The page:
PERTH (miningweekly.com) − Sydney-based Resource Capital Research (RCR) said it might be “a few years” before the recent gold records were surpassed, if the current market rout was a prelude to the next leg down in the global financial crisis.
In one of the worst selloffs since the 2008 financial crisis, gold fell sharply in recent days to below $1 600/oz, from an all-time high of $1 920/oz in early September.
In 2008, the gold price pulled back $288/oz, falling from $1 000/oz before the global financial crisis to a low of $712/oz, and did not return to $1 000/oz until September 2009.
From these lows, bullion prices subsequently rallied to between $1 200/oz and $1 900/oz.
“The safe-haven buying of gold is fear-generated, though this is irrelevant when investors are forced into liquidity-related selling. The recent bull market in gold has been fuelled by the fear associated primarily with massive deficit-driven stimulus spending in the US, and perhaps the biggest fear factor, festering eurozone sovereign debt concerns and the perceived risk to the stability of global financial markets,” RCR said.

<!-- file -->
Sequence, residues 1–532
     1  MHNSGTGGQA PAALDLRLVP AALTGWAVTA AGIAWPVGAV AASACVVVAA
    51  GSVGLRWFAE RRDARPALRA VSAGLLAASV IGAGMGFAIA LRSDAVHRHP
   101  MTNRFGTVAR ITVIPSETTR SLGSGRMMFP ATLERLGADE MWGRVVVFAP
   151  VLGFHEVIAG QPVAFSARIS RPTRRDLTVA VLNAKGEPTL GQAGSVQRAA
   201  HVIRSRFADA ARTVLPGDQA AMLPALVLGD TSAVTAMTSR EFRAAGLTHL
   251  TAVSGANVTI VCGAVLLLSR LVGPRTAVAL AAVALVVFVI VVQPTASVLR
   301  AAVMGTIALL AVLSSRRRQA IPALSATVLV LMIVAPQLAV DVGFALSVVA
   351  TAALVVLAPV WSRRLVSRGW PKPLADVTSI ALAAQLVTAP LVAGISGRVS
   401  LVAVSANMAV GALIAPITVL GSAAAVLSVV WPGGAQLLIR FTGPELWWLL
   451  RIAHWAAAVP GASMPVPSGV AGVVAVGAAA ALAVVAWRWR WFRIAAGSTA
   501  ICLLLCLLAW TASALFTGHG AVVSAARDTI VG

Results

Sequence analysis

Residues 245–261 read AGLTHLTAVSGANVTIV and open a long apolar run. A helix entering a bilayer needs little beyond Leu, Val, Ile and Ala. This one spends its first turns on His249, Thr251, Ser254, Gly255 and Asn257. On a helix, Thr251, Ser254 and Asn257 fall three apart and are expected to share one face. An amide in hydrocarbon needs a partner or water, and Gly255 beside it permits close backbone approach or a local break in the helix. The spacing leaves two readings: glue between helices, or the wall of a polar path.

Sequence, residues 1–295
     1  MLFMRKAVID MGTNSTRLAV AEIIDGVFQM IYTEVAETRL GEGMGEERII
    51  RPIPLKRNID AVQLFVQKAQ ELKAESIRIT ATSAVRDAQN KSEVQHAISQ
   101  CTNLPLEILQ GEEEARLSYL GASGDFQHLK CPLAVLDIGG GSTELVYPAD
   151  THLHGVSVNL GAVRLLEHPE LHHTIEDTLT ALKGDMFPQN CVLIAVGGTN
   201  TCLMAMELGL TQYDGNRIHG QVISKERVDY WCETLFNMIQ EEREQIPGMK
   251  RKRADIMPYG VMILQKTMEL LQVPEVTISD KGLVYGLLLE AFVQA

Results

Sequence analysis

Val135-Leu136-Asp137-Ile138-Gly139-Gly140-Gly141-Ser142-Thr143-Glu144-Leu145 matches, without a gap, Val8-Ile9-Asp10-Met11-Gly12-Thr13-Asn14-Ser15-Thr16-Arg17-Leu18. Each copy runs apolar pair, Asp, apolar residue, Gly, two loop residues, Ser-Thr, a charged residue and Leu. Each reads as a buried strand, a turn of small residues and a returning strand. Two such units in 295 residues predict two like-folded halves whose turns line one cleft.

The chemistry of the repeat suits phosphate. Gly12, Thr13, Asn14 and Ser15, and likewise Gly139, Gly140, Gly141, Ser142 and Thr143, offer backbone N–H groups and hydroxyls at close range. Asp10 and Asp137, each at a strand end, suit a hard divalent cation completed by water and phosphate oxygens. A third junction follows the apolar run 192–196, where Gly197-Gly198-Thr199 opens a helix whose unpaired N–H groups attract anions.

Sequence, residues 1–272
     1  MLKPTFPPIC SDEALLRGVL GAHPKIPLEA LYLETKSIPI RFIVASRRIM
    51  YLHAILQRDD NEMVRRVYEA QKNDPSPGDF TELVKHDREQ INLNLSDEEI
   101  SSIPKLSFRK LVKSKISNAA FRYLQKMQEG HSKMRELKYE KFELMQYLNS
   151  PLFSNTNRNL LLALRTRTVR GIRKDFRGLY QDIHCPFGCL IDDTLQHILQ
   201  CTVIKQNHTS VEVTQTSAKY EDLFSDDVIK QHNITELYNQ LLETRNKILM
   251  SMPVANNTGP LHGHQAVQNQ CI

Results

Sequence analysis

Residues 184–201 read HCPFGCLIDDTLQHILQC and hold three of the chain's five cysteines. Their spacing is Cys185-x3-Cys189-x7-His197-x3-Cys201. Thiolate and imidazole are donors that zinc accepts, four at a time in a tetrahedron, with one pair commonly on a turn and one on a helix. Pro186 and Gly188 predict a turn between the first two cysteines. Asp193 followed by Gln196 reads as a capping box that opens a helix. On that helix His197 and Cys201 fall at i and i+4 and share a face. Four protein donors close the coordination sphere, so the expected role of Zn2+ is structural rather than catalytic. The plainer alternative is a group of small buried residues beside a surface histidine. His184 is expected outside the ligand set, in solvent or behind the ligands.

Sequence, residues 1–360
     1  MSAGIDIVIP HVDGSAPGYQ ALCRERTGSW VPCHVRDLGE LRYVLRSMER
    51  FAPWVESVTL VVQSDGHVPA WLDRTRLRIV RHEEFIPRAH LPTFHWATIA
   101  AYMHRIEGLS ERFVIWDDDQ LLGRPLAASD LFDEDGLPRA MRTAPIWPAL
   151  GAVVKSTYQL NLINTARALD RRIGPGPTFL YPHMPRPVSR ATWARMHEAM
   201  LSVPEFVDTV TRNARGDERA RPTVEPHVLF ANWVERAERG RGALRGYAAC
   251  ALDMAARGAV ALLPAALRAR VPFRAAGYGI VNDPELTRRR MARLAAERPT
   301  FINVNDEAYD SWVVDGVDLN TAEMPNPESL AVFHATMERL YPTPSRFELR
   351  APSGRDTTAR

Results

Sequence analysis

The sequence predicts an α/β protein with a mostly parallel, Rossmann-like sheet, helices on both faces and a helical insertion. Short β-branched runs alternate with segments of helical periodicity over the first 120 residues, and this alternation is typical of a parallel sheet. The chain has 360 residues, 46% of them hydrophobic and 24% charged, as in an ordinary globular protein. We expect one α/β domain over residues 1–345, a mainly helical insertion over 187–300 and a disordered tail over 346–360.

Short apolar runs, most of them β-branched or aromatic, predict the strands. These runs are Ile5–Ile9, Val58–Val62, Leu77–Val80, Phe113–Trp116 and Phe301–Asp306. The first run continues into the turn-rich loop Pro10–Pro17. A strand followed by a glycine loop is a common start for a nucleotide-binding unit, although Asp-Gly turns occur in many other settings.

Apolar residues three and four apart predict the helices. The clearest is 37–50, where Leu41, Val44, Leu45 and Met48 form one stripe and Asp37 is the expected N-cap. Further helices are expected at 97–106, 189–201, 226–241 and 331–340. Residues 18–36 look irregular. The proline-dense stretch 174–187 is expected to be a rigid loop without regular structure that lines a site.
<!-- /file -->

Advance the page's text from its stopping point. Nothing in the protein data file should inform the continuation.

It added that these same factors were now pushing investors into liquidity-related selling.
But RCR believes that the long-term outlook for the gold price remains positive, as it would be driven by its relative safe-haven status and longer-term momentum of portfolio diversification away from the US currency.
Meanwhile, the research firm noted that gold equities have generally outperformed broader world markets over the past ten years, though underperformed when compared with the US dollar gold price.
The best performing index has been South Africa, which was up by 22% in the last year and 35% in the last three months.
The Australian gold equities index was up by 1% in the past three months, which compared with a 15% rise in the US dollar gold price, and a 15% fall in the MSCI indices in the same period.